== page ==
You're definitely right we should be going after the sugar and snack industries - I became hooked on sugar as a child because of Lucky Charms which I thought was just the greatest thing in the world. Every time my parents would come home from the Super Giant, I'd perform a little triage of the bags to see if there was a box of Lucky Charms, and if there was, I would be thrilled (as a child, did you ever order any hobby-related items in the mail (for me, it was baseball cards, rare coins, racing decals, and model rockets even though I never actually built one (but boy those pictures in the catalog sure looked good)), and when the package arrived, it was like Santa Claus himself had delivered it? You'd take it upstairs to be all alone, shut your door, and open the package slowly, deliciously. It obviously wasn't at that level of excitement because it was a fairly regular occurrence, but it was a diminished version of the same type of emotion).

I'm not comparing Guy Fieri to big tobacco; I'm comparing him to the Marlboro Man. I know nothing about the Marlboro Man, but I suspect he was just a handsome model trying to make a buck. He may have been the "face" of big tobacco for awhile (I can hear Zora calling him the "tush" of big tobacco), but unless he was an axe murderer or something, I cannot imagine him being considered evil.

Having watched Diners, Drive-ins, and Dives plenty of times (heck, I believe that the Food Network should be renamed the DDD and Some Other Food Network), my impression is that this restaurant is designed to attract the throngs of people who are devoted to the show. Furthermore, the menu in all of its unhealthiness is designed to reflect what can be found at a cross-section of the restaurants that he visits, which are usually heavy on things like burgers, fried items, fish dishes, and the like. Therefore, his fans can feel like they're getting the DDD experience food-wise in a 500-seat restaurant that's owned by the guy (pardon the pun) who hosts their favorite show, even if they don't live near nor have sought out the places that have been on DDD. My parents love the show and I bet that if they ever made it to NYC they'd be paying a visit.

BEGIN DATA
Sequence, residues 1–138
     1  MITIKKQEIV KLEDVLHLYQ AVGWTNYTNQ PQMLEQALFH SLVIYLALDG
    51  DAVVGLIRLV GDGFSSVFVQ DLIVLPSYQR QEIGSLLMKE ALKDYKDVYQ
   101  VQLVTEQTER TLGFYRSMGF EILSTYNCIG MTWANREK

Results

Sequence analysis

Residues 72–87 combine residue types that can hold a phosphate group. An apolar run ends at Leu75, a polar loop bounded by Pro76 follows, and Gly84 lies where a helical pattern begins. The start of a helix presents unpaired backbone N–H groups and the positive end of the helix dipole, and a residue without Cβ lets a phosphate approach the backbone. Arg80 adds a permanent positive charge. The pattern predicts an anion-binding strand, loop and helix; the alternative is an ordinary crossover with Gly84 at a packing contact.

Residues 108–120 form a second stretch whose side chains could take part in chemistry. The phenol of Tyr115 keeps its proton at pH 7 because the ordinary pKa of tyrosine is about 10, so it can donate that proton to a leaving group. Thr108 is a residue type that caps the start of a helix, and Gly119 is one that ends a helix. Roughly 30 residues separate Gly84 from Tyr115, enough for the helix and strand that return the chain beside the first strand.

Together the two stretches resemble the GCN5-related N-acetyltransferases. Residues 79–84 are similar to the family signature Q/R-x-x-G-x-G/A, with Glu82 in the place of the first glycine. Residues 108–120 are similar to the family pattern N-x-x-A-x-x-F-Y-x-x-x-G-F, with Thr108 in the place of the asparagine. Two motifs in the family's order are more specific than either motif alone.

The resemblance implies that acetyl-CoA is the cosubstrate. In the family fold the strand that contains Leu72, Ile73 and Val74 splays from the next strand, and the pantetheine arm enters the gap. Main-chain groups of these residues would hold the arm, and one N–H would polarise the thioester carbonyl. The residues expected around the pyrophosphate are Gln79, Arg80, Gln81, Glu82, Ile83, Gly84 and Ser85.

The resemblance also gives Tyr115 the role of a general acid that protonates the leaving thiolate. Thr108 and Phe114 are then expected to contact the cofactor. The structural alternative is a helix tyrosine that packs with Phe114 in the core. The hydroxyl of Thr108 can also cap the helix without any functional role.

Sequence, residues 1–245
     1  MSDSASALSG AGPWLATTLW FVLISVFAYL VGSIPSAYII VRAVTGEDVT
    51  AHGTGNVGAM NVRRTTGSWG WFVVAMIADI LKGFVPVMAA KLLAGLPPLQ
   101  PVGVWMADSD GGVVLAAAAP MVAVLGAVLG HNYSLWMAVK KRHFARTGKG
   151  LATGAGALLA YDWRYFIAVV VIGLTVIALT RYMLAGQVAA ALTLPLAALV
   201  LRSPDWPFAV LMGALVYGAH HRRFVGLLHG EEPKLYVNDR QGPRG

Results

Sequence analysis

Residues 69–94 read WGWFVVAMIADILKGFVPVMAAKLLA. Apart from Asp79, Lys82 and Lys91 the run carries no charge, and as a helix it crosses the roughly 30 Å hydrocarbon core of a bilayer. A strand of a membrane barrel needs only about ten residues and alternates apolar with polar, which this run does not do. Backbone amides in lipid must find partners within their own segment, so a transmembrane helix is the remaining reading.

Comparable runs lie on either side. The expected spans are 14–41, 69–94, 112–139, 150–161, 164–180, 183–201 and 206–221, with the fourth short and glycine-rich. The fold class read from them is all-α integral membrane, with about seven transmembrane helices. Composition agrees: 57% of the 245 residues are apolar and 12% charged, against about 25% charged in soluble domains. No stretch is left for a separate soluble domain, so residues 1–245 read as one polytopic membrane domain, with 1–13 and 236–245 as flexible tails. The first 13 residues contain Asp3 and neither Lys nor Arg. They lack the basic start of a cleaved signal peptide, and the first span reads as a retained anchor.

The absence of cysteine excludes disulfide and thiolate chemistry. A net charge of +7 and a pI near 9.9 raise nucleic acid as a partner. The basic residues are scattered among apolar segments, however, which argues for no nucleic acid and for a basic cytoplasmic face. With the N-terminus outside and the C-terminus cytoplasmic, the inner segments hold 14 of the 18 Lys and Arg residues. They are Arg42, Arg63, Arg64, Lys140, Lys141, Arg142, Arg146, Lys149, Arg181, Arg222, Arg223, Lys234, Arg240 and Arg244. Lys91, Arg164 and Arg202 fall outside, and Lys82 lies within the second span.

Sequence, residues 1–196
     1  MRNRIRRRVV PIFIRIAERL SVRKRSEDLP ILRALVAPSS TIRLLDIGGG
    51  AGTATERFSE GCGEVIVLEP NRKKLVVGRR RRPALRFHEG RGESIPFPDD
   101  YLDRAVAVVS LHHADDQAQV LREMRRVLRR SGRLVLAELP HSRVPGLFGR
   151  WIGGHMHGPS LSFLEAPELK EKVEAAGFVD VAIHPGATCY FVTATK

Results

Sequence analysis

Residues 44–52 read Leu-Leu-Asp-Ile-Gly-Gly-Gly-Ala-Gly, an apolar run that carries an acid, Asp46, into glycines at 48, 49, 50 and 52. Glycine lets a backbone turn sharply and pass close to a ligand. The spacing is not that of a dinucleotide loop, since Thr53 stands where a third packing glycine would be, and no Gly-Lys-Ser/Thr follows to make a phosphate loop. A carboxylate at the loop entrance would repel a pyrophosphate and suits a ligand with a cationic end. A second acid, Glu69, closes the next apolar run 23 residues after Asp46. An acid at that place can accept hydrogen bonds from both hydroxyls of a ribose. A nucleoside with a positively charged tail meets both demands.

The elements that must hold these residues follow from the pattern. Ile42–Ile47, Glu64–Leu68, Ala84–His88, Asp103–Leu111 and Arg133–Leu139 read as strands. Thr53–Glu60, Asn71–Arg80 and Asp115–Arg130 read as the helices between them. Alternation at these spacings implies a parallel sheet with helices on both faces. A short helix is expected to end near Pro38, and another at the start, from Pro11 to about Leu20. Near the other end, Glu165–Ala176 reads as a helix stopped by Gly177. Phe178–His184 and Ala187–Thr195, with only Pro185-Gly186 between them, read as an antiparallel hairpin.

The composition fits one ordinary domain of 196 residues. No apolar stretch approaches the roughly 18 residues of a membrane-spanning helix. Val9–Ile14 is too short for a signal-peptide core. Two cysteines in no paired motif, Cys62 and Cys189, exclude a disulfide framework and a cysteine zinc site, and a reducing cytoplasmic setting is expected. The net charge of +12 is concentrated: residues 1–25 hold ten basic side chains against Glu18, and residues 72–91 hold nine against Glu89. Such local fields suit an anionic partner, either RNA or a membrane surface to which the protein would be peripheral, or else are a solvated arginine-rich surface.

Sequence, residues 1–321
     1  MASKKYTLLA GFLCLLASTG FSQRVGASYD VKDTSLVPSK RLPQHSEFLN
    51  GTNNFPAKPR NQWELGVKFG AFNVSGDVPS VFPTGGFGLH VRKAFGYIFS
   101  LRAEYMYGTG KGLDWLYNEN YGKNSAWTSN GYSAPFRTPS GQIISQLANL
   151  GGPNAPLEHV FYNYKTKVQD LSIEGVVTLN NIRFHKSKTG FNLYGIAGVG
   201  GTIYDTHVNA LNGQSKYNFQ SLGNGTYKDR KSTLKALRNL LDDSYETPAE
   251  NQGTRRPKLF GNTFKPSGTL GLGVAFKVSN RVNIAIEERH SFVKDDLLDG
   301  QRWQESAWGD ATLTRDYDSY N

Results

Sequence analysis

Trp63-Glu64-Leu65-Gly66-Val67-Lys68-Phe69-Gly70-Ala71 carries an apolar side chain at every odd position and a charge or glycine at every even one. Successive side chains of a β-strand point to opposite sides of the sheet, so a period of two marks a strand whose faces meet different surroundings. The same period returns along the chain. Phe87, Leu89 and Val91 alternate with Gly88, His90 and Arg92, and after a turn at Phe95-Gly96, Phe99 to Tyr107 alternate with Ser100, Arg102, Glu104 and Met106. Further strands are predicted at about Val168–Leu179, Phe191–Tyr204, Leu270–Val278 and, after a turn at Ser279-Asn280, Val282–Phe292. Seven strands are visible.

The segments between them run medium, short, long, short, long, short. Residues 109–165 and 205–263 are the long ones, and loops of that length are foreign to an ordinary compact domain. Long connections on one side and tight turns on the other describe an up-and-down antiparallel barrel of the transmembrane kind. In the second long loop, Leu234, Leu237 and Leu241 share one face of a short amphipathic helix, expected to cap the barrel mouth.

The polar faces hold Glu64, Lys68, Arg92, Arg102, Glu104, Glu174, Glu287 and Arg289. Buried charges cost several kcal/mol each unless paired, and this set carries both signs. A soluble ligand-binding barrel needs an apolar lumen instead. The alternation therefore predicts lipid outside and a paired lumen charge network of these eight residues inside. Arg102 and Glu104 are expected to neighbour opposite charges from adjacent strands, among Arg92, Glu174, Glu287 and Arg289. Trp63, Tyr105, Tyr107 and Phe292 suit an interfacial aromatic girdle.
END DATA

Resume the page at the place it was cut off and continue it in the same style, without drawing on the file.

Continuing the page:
This is just my theory. But this is also the first time he's ever received criticism for anything he does by someone as influential as the NYT restaurant critic, so it's no wonder he's doing major damage control. It'll be interesting to see the changes that are made, beyond taking cocktails off the menu. He'll probably be hanging out in NYC a lot more than he thought, especially in the next month or so.

This is a brilliant observation about the connection between the restaurant and the TV show (as amazing as this might sound, I don't once remember thinking about, or reading, anything connecting the two - maybe it's supposed to be like Aerosmith Rock 'n' Roller Coaster (*), a themed "event" for fans). Between you and mtureck, we have two strong thumbs-up for Diners, Drive-Ins, and Dives, the television show. mtureck's point about "DDD" showcasing local, independently owned mom-n-pops was extremely poignant to me (remember now, I've never seen this show before), and forces me to confront my admiration, respect, and friendship with Nizam Ali, the owner of Ben's Chili Bowl.